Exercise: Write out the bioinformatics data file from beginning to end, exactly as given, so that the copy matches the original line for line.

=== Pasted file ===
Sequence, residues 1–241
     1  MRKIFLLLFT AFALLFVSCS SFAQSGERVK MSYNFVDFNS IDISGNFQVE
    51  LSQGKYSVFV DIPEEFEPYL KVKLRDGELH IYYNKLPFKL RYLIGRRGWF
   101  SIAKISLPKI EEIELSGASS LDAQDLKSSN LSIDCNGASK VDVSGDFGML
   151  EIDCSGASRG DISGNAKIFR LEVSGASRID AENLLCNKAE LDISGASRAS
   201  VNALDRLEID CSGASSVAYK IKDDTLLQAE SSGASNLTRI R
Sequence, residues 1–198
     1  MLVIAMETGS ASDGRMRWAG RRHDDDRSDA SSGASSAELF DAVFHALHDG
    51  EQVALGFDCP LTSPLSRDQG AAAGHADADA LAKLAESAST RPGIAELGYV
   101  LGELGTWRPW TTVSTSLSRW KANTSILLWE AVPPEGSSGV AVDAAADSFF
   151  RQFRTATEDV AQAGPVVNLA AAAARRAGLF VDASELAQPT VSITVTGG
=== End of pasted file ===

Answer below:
Sequence, residues 1–241
     1  MRKIFLLLFT AFALLFVSCS SFAQSGERVK MSYNFVDFNS IDISGNFQVE
    51  LSQGKYSVFV DIPEEFEPYL KVKLRDGELH IYYNKLPFKL RYLIGRRGWF
   101  SIAKISLPKI EEIELSGASS LDAQDLKSSN LSIDCNGASK VDVSGDFGML
   151  EIDCSGASRG DISGNAKIFR LEVSGASRID AENLLCNKAE LDISGASRAS
   201  VNALDRLEID CSGASSVAYK IKDDTLLQAE SSGASNLTRI R
Sequence, residues 1–198
     1  MLVIAMETGS ASDGRMRWAG RRHDDDRSDA SSGASSAELF DAVFHALHDG
    51  EQVALGFDCP LTSPLSRDQG AAAGHADADA LAKLAESAST RPGIAELGYV
   101  LGELGTWRPW TTVSTSLSRW KANTSILLWE AVPPEGSSGV AVDAAADSFF
   151  RQFRTATEDV AQAGPVVNLA AAAARRAGLF VDASELAQPT VSITVTGG